National Library of Australia
|National Library of Australia|
Main building of the National Library of Australia
|founding||March 23, 1961|
|Duration||7.72 million (2018/19)|
|Library type||National Library|
|place||Parkes Place, Canberra ,
The National Library of Australia (NLA) is the National Library of Australia . It is located in the capital Canberra , more precisely in the Parkes district on the south bank of Lake Burley Griffin . Under the National Library Act , she is responsible for "the maintenance and development of a national collection of library materials, including a comprehensive collection relating to Australia and the Australian people". At the end of the 2018/19 fiscal year, the NLA's collection comprised around 7.72 million media and an additional 17,950 running meters of manuscript material. In addition to the main building, there are also two warehouses in the Hume district.
With the establishment of the Australian state in 1901, the Commonwealth Parliamentary Library was established, which served the newly established Australian federal parliament, but also the general public. From the beginning she strove to build a national collection. In 1907 the Joint Parliamentary Library Committee, chaired by Frederick Holder, defined the aim of the library as follows: “The library committee has the ideal of a large public library modeled after the time when parliament is to be established in the federal capital build the world famous Library of Congress in Washington ; such a library that is indeed said to be worthy of the Australian nation; the home of literature, not of a state or an epoch, but of the world and of all times. "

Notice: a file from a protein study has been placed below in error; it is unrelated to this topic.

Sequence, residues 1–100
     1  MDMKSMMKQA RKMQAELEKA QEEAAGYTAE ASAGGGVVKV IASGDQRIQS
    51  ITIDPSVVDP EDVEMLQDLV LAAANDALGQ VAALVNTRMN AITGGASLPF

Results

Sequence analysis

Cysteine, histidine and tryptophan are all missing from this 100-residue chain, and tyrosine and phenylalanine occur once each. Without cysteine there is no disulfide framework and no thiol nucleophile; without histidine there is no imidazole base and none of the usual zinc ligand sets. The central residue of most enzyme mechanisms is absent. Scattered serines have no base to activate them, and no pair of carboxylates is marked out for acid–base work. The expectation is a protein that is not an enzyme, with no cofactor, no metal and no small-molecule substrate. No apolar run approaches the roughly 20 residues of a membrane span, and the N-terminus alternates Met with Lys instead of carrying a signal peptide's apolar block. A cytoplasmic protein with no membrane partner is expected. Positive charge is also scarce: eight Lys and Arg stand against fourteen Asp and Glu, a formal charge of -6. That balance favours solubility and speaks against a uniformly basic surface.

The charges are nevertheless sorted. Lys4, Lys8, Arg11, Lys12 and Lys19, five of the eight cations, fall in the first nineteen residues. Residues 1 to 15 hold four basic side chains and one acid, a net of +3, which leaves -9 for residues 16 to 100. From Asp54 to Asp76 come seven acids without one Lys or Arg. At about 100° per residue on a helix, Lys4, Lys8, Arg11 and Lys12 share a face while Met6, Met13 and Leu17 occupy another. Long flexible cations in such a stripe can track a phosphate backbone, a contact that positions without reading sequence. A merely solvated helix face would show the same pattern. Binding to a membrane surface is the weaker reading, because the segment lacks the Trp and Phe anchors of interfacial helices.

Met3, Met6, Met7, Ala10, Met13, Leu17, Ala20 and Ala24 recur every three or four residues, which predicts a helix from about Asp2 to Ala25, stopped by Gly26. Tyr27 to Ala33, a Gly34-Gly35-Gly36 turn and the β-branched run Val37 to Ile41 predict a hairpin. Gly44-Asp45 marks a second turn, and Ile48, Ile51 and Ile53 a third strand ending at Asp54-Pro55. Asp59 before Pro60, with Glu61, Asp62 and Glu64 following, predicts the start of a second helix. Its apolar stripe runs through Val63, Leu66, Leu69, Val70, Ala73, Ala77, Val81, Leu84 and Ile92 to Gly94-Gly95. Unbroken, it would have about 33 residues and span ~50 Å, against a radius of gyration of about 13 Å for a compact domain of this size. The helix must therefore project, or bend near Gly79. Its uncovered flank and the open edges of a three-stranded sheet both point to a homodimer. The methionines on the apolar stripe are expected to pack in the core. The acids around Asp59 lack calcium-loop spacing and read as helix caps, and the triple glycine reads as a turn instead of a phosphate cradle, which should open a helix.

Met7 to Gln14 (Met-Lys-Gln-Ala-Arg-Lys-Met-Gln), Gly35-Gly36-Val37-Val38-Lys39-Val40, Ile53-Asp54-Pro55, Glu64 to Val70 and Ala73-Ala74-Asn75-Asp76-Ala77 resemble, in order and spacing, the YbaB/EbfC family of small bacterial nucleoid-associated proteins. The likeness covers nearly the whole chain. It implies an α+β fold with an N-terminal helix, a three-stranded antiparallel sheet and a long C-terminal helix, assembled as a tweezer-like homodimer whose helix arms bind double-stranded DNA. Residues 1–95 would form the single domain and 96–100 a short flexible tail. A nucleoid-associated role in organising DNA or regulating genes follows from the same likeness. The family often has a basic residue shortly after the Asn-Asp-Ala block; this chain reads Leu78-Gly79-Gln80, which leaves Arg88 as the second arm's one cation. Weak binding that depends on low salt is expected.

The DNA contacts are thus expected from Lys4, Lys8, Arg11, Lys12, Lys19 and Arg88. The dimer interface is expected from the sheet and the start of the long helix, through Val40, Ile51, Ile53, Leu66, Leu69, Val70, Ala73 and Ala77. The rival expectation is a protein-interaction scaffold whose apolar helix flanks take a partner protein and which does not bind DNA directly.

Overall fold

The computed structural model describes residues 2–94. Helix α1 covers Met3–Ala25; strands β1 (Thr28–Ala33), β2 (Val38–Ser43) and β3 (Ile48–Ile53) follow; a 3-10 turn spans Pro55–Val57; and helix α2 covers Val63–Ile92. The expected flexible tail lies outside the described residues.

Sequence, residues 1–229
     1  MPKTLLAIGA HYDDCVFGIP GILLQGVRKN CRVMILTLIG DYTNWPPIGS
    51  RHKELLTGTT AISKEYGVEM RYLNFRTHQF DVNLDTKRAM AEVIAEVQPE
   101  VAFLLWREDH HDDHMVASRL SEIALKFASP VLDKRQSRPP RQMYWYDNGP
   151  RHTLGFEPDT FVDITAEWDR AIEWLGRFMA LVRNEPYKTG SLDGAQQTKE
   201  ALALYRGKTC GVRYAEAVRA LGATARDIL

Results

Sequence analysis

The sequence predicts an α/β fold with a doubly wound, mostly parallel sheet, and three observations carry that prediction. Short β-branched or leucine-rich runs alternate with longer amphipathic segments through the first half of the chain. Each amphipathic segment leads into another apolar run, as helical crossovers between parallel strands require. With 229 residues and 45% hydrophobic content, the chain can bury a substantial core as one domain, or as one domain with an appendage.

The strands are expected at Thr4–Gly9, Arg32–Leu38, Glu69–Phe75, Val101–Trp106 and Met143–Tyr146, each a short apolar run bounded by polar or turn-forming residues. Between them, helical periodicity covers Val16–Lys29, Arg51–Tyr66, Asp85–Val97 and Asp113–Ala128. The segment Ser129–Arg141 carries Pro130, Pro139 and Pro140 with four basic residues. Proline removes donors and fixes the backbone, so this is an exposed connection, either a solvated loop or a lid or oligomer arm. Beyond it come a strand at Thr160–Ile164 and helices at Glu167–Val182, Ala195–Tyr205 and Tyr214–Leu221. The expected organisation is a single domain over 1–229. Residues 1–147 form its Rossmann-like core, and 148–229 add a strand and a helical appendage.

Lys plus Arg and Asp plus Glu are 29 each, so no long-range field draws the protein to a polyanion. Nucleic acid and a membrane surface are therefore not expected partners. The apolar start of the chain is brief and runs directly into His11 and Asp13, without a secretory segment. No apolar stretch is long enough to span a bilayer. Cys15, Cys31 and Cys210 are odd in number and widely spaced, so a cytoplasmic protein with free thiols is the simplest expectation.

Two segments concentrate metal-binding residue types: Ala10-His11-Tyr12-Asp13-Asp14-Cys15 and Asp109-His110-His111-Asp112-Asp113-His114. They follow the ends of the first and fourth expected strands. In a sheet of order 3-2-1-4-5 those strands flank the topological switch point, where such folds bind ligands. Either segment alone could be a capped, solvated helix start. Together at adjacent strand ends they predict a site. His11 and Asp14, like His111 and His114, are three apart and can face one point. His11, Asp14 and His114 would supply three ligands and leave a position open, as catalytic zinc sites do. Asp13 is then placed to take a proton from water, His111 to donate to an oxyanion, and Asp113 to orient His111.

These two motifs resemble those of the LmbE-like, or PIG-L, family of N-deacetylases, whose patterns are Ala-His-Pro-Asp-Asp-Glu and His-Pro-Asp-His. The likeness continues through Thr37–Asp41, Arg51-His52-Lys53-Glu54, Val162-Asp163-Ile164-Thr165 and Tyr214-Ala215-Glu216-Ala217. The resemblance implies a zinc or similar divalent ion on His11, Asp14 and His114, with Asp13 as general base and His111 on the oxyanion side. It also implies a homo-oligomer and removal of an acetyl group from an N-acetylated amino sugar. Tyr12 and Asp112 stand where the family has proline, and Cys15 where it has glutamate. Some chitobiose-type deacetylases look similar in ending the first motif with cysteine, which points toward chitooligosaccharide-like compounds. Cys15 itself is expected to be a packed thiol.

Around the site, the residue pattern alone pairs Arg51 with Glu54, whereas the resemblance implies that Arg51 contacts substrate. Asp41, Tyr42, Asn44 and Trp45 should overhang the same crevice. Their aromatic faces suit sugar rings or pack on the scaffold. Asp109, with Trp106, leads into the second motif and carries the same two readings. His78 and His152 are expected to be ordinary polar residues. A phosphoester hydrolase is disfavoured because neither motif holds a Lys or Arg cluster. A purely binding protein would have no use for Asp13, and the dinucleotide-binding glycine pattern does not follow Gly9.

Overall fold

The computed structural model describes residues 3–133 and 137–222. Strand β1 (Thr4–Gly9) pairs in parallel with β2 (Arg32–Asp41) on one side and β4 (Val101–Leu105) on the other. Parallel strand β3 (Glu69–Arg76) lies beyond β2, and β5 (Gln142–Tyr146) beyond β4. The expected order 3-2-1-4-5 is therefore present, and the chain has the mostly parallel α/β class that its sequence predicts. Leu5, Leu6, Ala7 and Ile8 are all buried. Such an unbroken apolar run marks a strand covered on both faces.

The Parliamentary Library was initially located in Melbourne , like Parliament itself , until both institutions moved in 1927. There the collection was spread across various buildings. In November 1934, construction began on a new central building on Kings Avenue. For financial reasons, the building designed by Edward Henderson in the strictly classical style remained unfinished. Only one of several planned wings could be realized. The National Library Act 1960 passed by Parliament created the legal basis for the separation of the functions of the Parliamentary and National Library, as well as securing the funding of the new institution, which was founded on March 23, 1961.